"Country Pushed Into A Coma": Congress Targets Centre On GDP Slump

Party leader Randeep Surjewala decried the slump in public and private investment, and claimed that the government suffers from an utter "bankruptcy of economic vision".

'Country Pushed Into A Coma': Congress Targets Centre On GDP Slump

Construction activity in the country has also slumped due to the weakening economy.

New Delhi:

Shortly after official data showed India's gross domestic product (GDP) slowing to 4.5 per cent in the July-September quarter, the lowest recorded in six years, the Congress today accused the BJP-led central government of pushing the country's economy into a coma through its "divisive" policies.

"India's GDP has collapsed to an abysmal 4.5%, and we are in a virtual free-fall. But why is the BJP celebrating when this is the lowest our GDP has sunk in six years? That's because GDP means Godse Divisive Politics to them, and by that measure, India can be seen to have achieved double-digit growth. It's all about perspective," Congress spokesperson Randeep Surjewala said sarcastically in a press conference held soon after the figures were released.

The reference to Nathuram Godse comes from a comment allegedly made about Mahatma Gandhi's assassin by BJP MP Pragya Thakur in Parliament yesterday. The Congress claims that she referred to Nathuram Godse as a "patriot", an allegation denied by Ms Thakur.

Mr Surjewala went on to claim that investments of all kinds - private or public - were at an all-time low under the BJP government, as was the employment rate. "Even in the last year of Congress rule, the GDP growth was above 6%. Let the nation compare it with the BJP's decimation of the economy," he said, adding that the government suffers from an utter "bankruptcy of economic vision".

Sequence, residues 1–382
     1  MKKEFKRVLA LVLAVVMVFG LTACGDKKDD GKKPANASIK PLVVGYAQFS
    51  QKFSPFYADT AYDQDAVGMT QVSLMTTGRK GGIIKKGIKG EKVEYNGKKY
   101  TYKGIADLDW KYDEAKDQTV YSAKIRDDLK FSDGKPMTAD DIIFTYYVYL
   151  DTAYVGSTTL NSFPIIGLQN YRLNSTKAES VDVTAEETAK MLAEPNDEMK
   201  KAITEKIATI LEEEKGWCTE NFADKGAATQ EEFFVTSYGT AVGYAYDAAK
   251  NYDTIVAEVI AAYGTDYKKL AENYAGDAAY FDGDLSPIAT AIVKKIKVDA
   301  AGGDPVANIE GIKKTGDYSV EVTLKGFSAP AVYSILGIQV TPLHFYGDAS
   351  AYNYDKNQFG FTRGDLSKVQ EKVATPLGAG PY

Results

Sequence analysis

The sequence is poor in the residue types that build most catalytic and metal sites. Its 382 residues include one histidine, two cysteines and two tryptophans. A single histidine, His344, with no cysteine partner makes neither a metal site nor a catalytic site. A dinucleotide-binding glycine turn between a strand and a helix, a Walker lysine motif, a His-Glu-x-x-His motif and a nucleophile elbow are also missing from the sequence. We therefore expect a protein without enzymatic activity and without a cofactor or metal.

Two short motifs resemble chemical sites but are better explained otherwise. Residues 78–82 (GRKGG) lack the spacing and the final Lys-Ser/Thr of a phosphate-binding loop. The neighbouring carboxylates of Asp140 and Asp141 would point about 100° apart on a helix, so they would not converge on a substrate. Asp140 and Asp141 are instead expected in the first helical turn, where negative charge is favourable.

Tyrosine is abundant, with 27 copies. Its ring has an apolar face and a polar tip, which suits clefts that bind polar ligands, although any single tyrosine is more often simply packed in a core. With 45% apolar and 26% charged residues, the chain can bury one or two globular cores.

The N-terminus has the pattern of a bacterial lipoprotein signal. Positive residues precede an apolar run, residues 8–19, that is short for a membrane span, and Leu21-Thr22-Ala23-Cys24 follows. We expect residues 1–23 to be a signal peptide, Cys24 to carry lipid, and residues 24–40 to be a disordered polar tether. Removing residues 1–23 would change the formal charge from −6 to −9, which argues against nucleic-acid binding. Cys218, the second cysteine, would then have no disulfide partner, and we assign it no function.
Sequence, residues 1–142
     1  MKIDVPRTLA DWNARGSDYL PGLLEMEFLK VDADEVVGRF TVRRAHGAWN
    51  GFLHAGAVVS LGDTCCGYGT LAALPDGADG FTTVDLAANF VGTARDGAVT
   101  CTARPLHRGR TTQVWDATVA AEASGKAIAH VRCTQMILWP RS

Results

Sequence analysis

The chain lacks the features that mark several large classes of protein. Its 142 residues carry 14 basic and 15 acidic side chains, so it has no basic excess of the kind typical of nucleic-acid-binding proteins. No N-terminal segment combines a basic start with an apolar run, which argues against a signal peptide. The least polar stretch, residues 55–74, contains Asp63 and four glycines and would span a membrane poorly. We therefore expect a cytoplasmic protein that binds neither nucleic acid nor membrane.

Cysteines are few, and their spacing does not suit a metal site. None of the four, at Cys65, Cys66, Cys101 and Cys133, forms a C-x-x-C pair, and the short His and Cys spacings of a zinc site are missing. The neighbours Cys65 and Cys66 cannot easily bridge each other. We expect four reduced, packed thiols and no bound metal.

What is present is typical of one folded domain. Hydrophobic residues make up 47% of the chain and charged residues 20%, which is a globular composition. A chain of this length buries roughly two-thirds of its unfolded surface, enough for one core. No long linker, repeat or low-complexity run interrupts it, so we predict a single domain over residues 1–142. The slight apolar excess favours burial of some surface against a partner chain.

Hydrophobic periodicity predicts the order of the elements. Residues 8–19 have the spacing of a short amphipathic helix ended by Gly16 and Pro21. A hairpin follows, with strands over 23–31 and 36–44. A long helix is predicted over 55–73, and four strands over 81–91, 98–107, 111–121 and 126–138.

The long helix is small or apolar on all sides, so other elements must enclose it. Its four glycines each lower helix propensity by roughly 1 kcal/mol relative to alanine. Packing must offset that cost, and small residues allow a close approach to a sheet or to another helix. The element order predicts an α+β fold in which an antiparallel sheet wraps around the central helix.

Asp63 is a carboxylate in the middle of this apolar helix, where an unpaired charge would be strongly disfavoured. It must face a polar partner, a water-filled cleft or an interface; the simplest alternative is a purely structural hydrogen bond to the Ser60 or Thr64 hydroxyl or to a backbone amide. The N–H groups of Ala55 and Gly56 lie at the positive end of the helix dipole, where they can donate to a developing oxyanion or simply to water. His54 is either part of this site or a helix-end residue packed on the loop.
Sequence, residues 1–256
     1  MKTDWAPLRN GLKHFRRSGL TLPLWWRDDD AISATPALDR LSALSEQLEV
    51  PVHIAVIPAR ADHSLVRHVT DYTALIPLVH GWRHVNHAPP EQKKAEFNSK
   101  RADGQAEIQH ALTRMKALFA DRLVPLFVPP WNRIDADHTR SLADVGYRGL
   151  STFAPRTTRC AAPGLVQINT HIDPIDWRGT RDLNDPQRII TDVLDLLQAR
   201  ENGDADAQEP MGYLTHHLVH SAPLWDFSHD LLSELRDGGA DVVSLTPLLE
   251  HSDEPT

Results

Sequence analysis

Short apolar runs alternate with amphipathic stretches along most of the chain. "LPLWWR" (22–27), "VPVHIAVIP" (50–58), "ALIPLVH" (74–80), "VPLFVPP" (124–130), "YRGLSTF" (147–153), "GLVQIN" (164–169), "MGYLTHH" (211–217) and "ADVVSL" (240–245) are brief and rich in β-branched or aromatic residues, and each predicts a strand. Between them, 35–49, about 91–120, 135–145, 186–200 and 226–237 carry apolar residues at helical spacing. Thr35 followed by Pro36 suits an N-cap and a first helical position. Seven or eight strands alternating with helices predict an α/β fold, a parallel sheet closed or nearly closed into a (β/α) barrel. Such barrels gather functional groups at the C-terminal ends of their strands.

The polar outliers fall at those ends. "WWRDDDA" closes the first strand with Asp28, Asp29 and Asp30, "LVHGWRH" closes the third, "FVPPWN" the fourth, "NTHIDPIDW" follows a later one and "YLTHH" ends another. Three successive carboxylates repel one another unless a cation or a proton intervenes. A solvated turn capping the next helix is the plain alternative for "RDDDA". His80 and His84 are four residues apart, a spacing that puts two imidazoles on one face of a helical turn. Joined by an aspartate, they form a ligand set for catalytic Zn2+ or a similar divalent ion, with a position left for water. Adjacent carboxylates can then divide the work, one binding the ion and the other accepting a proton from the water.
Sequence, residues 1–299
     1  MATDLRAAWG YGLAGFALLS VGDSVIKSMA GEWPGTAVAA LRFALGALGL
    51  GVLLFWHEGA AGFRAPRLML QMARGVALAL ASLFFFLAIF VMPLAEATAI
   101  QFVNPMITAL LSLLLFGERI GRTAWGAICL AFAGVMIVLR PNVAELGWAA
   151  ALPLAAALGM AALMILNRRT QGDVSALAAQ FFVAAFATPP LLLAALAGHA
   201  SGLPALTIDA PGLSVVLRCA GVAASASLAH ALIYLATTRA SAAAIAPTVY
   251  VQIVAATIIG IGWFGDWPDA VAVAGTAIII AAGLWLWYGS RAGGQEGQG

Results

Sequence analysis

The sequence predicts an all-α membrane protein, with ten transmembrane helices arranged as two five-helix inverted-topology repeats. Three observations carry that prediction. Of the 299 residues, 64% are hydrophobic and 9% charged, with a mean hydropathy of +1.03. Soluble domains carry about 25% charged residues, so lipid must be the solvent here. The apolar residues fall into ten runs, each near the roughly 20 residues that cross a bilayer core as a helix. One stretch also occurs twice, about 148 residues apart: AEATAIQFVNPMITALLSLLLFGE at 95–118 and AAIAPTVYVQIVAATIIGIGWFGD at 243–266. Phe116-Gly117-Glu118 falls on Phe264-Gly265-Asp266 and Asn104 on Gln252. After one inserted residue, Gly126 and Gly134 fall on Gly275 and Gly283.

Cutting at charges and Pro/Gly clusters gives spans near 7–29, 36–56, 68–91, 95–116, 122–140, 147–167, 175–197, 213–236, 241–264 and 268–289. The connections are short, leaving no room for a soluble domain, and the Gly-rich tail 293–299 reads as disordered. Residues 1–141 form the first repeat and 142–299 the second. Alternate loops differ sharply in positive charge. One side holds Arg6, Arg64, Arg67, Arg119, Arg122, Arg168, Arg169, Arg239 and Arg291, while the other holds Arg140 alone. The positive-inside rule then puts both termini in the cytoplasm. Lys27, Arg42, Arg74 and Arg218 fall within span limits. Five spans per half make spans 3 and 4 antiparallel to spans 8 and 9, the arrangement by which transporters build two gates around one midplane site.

Former Prime Minister Manmohan Singh also declared the GDP's sharp decline as "worrisome", and expressed hope that the latest figures would wake the government from its slumber.

Among the measures taken by the central government over the last few months in a bid to spur investment and revive growth are the withdrawal of higher taxes on foreign investors; reduction in corporate taxes; a mega merger of state-run banks; a special window for the real estate sector; and a massive disinvestment plan. However, some economists believe that the room left for authorities to stimulate growth has become too limited.

India lost its position as the world's fastest growing major economy last year. Global credit rating agency Moody's also lowered its economic growth forecast for India to 5.6 per cent for the current financial year, dealing another blow to the government's target of making India a $5-trillion economy by 2024.

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